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I'm pulling multiple requests (its pulling one at a time), I was wondering if there's a way pull requests all at the same time if I have something like this:

client = Instagram.client(:access_token => session[:access_token])
@user = client.user
@recent_media_items = client.user_recent_media

@lv = client.tag_recent_media('lv', options = {:count => 60})
@lv1 = client.tag_recent_media('lv1', options = {:count => 60})
@lv2 = client.tag_recent_media('lv2', options = {:count => 60})
@lv3 = client.tag_recent_media('lv3', options = {:count => 60})

Each lv makes a request to client. I was wondering if there's a way to do such so it can do the request all at once (together), instead of one finishes the request, then goes on to the next request, and so on...


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2 Answers 2

up vote 3 down vote accepted

Yes! For a proof-of-concept, try

require 'thread'

client = Instagram.client(:access_token => session[:access_token])
@user = client.user
@recent_media_items = client.user_recent_media

threads = []
threads << Thread.new { @lv = client.tag_recent_media('lv', options = {:count => 60}) }
threads << Thread.new { @lv1 = client.tag_recent_media('lv1', options = {:count => 60}) }
threads << Thread.new { @lv2 = client.tag_recent_media('lv2', options = {:count => 60}) }
threads << Thread.new { @lv3 = client.tag_recent_media('lv3', options = {:count => 60}) }
threads.each(&:join) # this waits for all the threads to finish before proceeding
puts [@lv, @lv1, @lv2, @lv3]

In practice, you will want to set up some error handling and retry settings within the threads. Also, you may run into issues with thread-safety in the Instagram gem. If you are doing this on a large scale with hundreds or thousands of requests, you may want to try a concurrent HTTP client like Typhoeus or an evented HTTP client like EM-HTTP-Request. For these, you would have to manually implement the tag_recent_media method that is in the Instagram gem.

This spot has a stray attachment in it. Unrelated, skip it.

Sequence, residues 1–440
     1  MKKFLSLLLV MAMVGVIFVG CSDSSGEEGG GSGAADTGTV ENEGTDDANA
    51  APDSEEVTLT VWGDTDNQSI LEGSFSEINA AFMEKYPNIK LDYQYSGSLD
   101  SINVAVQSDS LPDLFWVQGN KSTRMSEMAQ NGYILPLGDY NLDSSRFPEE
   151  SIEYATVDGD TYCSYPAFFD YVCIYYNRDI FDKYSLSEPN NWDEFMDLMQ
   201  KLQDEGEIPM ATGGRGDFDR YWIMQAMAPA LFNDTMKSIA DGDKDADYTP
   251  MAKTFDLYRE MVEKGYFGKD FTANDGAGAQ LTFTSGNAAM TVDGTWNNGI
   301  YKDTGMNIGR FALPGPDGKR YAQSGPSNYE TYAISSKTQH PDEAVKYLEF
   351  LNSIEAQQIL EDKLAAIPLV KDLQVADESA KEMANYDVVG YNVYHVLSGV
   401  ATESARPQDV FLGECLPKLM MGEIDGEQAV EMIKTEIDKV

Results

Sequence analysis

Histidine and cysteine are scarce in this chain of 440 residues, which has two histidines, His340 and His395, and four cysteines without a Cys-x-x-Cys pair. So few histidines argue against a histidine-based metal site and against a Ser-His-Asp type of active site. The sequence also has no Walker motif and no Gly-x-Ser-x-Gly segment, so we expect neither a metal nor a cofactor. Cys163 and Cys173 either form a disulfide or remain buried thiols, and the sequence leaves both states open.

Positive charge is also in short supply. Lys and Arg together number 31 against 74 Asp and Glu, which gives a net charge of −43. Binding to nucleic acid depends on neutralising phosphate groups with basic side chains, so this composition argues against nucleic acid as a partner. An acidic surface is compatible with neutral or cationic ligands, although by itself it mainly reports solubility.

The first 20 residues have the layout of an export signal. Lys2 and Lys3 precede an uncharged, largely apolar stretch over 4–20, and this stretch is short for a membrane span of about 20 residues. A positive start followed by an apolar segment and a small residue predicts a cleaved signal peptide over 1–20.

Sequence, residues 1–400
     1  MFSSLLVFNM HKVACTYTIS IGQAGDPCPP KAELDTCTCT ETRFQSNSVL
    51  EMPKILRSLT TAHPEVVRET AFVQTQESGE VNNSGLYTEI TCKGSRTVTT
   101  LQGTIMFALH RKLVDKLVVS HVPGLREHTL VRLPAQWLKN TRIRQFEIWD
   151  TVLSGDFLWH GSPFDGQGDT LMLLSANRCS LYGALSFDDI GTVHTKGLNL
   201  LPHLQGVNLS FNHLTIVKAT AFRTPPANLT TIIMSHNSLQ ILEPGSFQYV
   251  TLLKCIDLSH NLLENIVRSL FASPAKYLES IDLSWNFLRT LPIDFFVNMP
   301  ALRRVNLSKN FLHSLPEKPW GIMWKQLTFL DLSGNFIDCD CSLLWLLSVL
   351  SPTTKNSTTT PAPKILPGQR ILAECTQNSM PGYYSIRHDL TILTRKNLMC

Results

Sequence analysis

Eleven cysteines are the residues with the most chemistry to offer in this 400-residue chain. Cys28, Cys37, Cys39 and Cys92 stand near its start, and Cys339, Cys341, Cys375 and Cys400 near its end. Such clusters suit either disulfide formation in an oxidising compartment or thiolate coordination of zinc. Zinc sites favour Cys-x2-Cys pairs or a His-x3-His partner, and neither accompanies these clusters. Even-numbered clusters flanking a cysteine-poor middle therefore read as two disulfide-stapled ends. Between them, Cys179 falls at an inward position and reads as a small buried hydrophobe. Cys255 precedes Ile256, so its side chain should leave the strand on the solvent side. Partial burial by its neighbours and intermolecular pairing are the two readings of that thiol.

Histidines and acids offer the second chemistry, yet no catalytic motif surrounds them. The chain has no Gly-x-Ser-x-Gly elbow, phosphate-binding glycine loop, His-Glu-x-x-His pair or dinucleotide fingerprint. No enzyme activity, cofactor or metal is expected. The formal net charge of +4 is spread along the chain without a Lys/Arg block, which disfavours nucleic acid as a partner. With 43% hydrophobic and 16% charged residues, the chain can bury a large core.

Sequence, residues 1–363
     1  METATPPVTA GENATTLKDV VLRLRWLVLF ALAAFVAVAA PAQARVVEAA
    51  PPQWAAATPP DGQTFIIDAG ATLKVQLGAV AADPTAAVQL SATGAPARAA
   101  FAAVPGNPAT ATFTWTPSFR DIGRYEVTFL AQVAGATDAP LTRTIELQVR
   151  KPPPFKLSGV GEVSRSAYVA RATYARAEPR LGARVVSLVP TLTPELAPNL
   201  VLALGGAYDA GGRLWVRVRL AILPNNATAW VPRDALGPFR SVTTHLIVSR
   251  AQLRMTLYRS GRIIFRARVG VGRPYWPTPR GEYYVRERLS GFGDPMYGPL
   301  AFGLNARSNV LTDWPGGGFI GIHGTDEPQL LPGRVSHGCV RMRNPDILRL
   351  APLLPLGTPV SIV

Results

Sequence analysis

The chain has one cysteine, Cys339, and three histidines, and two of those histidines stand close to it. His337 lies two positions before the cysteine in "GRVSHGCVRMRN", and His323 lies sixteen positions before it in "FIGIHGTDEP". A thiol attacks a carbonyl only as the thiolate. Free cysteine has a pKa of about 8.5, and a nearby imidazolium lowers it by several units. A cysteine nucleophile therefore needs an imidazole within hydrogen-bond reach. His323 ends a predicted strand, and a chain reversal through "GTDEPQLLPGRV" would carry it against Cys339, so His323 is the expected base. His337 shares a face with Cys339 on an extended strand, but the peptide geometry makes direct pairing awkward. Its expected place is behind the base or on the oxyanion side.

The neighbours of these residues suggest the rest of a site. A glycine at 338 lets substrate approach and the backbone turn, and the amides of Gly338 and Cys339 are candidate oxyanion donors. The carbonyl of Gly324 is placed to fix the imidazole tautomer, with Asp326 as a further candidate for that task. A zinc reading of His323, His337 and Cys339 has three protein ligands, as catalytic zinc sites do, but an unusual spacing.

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holy moley, i think this one worked! hmm I guess it should be fine if I just did this in production right? –  hellomello Apr 18 '13 at 6:49
Yes, but you probably would want some error handling. If an exception happens during one of the threads, threads.each(&:join) will raise an exception. From there, you can use Thread#status to check which threads had exceptions. You can also use something like retryable within the thread blocks to handle networking errors. –  Benjamin Manns Apr 18 '13 at 12:57
Isn't your example lacking a threads << in front of each Thread.new {...}? –  Patrick Oscity May 31 '13 at 10:54
It was, thanks, @padde! –  Benjamin Manns Jun 3 '13 at 4:39

There are gems like spawn that do this in a forked process or as a new thread in your process.. Here is a link to another SO post that discusses it

What is the difference between forking and threading in a background process?

Here is the gem in question: https://github.com/tra/spawnling

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